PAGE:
Archive for the 'happiness' category

A woman scientist in love

Jun 27 2015 Published by under career trajectory, gratitude, happiness

I am not ashamed to admit it. I am head over heels. I am riding a high. I am optimistic it is going to work out. And guess what!? – it has been the OPPOSITE of distracting. Being in love has had the effect of extreme focus in the workplace and pretty substantial scientific progress. I am in love… with my job.

Maintaining a loving and healthy relationship definitely takes some work. I know I am not always going to express these emotions about work – things will get challenging. People, policies, and black voodoo magic that causes instruments and reagents to mysteriously malfunction will cause some turmoil. But this feels right.

The objective for this post is not to rehash all the #distractinglysexy topics, although it has been wonderfully amusing and strangely encouraging. Instead, my thoughts were to just share some of my recent experiences as it relates to the themes of this blog – the adventures of being trained scientist who is figuring out her niche. That could be supporting other scientists, teaching, raising kids, developing a kick-ass product/therapy, or wining a Nobel prize.

And perhaps a selfish objective is to provide an amusing account for myself to flip back to years in the future when I am frustrated or hopeless. Seriously, though, I have had so many conversations with friends and colleagues about emotions as they relate to our respective career paths. I don’t always know what to say or how to encourage someone. There was a period of time where I felt all I did was dim the mood. Sometimes navigating a path is rough (especially when you can’t see the way ahead). Sometimes it is exciting. Sometimes it is scary. Sometimes it is boring. Sometimes it has you swooning (remember that feeling of being accepted to grad school?).

This has me thinking about ways that we all relate to each other, and effects we can have on one another.

One of the things that has me so giddy right now is the interaction I have been having with people outside my lab, outside my agency, outside my state and outside the country. That influx of ideas and opinions is so refreshing. I have had the extremely good fortune of getting to attend three very interesting meetings in a very short amount of time.

So, something I want to remind my future self: opportunities to go to meetings, trainings or conferences sponsored by work may not always come up. But there is almost always the flexibility to spend work TIME elsewhere even if the costs for transportation, lodging and registration aren’t covered. Some of my recent travels required me to pay out of my own pocket. I cannot think of a better way I could have spent that money.

At the moment, I am inspired. I am seeing how a scientific field is growing, changing, and making progress. I also see so much further down my current path right now! I see a role that I can play in this field. Meetings have always generally had a good effect on me. I do find some contrast, though, in attending meetings as an academic scientist compared to a more applied scientist. As an academic scientist, I was always trying to find the things I could do to make my individual projects more innovative. The things that would help me outline my next grant. Sometimes I came back frantic with all these things I might do, and companies I might contact. I had a hard time handling that pressure. Now, I don’t have the freedom or responsibility of an individual research project. For the most part, people in my lab are all working toward the same thing. This work is spilt up, and the overall goal is to provide a service. But the ways that we provide this service advance with technology. The lab has projects to keep up with that change in technology in an efficient way, while at the same time making sure that technology (and personel’s expertise in how that technology is working) be solid enough to testify to results in court. So, now, when I am at meetings, I focus on those projects, and ways the lab can keep up with the changes in technology in efficient ways, providing ideas where I can.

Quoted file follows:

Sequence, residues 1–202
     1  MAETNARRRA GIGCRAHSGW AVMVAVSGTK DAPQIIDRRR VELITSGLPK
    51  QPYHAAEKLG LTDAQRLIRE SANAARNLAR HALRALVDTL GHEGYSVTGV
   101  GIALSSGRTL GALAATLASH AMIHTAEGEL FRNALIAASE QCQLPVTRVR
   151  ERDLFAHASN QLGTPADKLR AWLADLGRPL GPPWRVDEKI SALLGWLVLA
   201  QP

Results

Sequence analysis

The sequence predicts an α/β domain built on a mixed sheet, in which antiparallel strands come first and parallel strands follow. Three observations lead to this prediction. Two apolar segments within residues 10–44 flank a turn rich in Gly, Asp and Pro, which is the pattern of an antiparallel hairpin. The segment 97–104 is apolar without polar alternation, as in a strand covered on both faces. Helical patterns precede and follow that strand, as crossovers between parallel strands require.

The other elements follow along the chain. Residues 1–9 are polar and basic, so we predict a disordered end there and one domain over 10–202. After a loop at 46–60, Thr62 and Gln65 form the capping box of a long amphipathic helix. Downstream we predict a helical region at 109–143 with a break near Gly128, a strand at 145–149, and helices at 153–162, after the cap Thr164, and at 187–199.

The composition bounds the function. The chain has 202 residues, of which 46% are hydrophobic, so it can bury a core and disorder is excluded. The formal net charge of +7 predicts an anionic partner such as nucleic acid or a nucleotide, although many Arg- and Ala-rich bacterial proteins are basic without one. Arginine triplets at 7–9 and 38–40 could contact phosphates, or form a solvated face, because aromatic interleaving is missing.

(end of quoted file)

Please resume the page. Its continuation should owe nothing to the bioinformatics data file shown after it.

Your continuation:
Getting back to the idea of why meetings and groups are money well spent – it fosters ideas. There are so many ideas I have – things I can do at work that would benefit my current workplace – these are things other people across the country and the world are already doing and work well. I may not have a position to change policies where I work, but I can certainly provide ideas to the people who do.

I also get to hear about how other people landed in the positions they are in. I find it very interesting to hear about other people’s backgrounds. I helps me realize that opportunities come up all the time that are un-forseeable. Perhaps I am even impacting my future path in ways that are not visible yet. Maybe some of these people that I interacted with at these meetings will remember me and invite me to participate in other opportunites in the future.

Conferences or not, interacting with other people I have noticed has been generally helpful. When I have gotten anxiety or fear about where I was headed, my first instinct is to hide that feeling. I feel I need to figure it out myself before I have another conversation about it. It was easy for me to avoid those conversations or change the subject quickly. But, when I did open up and share how I was feeling about where I was going, or not knowing what I wanted next, it usually had a positive effect on me. Sometimes that is easier to do with people you don’t know. A friend recently told me about a set of interactions that the career center strongly advised them to have. Using linkedIn and other websites, they got an idea of what type of positions were available at differently companies, schools, etc. This helped to see all the different roles that a PhD scientist can have. To get a better idea of what these positions were like, this person contacted these people for the sole purpose of doing a little mini-interview about what their job entailed. They said it was a very awkward experience at times, but was so helpful for guiding what niche they would be excited and interested about.